Product Manager for Statistics and Trends at Redfin, Tim Ellis wrote, “Apparently every weekend is open-house weekend in San Francisco. In fact, holding an open house is so expected there that homes that don’t hold an open house are a full seven percentage points less likely to sell than those that do. In Las Vegas and Phoenix, where open houses are rare, the exact opposite is true. Homes that don’t hold an open house are 17 percentage points more likely to sell than those that do.”
It sounds so scientific. And yet …
In the Phoenix real estate market there are two reasons to hold an open house – your listing agent wants to pick up more buyers and listings using your house as the bait, or he or she is getting desperate because the home’s not selling and doesn’t want to really work and tell you that something’s got to change – price most likely, staging or other scenarios following after that.
That whole 17 percent stuff is a considerable amount of bunk since in this hyperactive market there’s virtually no compelling reason for a seller to hold an open house.
In fact, set aside Phoenix for a second and drop down to this “conclusion” from the fine folks at Redfin:
Ellis added, “Everywhere else, the picture gets a little more fuzzy. In the other eight markets we examined, there was virtually no difference in the percentage of homes that sold, whether they had an open house or not.”
Absolutely earth shattering. And yet, in the online real estate world these days, this counts as news because we all know (or at least are told) that there are really smart people at Redfin who look at real estate differently – even though the company’s model has morphed into a traditional brokerage albeit with a cool website.
“So should you hold an open house?” Ellis asks. “If you’re in San Francisco, absolutely. If you’re in Phoenix or Las Vegas, probably not. Everywhere else, it most likely doesn’t really matter whether or not you hold an open house, but if you’ve got a good agent, he or she will probably hold one anyway.”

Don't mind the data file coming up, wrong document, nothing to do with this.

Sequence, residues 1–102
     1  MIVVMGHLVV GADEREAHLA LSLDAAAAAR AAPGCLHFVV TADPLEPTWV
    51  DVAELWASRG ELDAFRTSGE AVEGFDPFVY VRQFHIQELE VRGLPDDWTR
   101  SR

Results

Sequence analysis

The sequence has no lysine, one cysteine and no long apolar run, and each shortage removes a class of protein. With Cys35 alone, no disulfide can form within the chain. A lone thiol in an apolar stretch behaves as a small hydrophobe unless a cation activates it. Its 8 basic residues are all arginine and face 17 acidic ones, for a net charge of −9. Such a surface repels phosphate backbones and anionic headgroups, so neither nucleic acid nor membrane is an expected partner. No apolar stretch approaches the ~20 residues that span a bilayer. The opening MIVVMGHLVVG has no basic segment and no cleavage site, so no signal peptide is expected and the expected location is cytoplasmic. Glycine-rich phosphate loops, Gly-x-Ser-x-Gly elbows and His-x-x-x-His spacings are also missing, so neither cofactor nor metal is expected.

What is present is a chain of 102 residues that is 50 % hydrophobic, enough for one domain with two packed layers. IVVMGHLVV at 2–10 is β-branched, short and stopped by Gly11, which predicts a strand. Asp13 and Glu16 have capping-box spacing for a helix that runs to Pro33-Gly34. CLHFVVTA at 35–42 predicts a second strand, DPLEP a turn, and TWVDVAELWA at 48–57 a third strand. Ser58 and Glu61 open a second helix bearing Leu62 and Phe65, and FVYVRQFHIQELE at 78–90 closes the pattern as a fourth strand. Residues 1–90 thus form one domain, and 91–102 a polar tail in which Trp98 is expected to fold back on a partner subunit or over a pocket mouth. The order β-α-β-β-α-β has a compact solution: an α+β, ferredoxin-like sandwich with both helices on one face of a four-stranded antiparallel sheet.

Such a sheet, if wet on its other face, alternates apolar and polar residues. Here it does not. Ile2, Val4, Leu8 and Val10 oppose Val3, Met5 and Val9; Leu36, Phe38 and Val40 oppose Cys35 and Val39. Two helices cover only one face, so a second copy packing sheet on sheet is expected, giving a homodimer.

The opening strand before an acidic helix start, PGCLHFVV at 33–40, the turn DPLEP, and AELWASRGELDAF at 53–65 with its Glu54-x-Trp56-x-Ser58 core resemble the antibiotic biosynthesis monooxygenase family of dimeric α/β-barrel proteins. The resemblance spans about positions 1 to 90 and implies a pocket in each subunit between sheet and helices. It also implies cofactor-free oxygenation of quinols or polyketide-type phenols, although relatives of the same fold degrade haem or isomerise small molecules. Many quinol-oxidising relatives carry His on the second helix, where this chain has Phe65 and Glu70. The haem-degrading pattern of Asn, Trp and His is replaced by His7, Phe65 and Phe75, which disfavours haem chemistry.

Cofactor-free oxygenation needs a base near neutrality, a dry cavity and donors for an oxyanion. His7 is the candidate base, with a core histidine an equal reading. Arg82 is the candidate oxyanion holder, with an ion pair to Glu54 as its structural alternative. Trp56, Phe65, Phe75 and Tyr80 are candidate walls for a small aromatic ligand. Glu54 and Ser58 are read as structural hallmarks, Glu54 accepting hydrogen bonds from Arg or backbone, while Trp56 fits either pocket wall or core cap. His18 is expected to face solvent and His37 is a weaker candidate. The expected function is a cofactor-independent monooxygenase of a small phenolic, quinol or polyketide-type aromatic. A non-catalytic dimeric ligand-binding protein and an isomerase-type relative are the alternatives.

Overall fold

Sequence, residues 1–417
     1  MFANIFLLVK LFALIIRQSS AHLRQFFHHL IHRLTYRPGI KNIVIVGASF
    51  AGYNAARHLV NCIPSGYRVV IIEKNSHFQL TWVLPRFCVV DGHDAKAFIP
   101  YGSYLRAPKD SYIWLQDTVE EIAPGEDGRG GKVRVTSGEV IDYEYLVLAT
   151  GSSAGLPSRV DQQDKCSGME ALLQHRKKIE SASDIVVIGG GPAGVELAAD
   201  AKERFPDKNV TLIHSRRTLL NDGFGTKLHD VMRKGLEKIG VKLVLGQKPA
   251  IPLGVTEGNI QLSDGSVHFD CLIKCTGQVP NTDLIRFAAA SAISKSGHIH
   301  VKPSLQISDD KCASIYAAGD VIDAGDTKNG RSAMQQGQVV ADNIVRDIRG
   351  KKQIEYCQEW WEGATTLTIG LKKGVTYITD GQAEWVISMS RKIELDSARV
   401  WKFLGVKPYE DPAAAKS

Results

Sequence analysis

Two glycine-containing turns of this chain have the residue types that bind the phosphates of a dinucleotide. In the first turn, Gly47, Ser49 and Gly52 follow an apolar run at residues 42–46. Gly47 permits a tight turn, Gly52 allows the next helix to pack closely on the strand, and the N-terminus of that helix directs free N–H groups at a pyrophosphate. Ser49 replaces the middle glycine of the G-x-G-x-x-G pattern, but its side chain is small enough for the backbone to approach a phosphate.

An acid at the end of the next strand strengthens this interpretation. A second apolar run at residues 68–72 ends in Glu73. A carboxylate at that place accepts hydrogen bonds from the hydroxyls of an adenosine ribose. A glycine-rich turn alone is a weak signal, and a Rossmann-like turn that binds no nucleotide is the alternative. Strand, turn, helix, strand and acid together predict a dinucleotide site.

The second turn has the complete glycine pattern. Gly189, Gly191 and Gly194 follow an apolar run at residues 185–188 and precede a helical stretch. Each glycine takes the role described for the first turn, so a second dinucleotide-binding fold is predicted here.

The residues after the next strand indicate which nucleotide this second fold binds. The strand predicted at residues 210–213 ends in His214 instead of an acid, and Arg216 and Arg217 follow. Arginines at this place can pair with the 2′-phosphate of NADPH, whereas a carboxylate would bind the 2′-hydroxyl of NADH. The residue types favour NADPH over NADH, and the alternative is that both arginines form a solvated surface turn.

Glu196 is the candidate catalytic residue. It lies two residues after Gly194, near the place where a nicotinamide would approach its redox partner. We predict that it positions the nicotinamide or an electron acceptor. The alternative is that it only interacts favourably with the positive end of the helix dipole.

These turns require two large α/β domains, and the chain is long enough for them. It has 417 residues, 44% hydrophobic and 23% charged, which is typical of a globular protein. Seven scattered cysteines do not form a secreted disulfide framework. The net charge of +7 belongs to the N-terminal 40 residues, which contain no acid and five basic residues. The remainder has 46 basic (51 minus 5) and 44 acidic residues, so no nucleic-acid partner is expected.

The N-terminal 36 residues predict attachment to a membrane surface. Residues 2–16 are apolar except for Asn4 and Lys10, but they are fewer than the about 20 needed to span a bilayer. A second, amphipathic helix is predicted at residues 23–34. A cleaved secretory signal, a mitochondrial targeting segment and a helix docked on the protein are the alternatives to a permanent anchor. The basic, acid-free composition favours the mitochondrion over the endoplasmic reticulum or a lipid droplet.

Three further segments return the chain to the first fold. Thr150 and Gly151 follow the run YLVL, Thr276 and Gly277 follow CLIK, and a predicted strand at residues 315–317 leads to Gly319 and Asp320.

I guess I have a different view of most of what constitutes a good agent. Knowing full well that the odds of a home selling via open house are roughly equal to that of having a kid driving a Big Wheel with your address on the flag, I’ve developed into a fairly firm anti- … er … open houseist. There are open house signs in my garage that haven’t been touched in a half-dozen years and likely never will be, not until I send them. It’s not that I’m lazy. It’s just that I’m honest with my sellers.
A truly good agent would be honest with the seller – “Bob, I need you to pack up and the wife and kids and get out of the house for a few hours. No, I don’t really think that your home is going to sell faster because I’m doing it but with any luck I’ll pick up some buyers and some additional listings because it will look like I’m working hard when I’ll really be spending the day playing Words with Friends.”
I assure you, there’s not an agent out there who walks into a listing appointment and displays that level of transparency, that level of honesty.
Oh, and by the way … happy National Open House Weekend. I’ll be in the office doing some real work.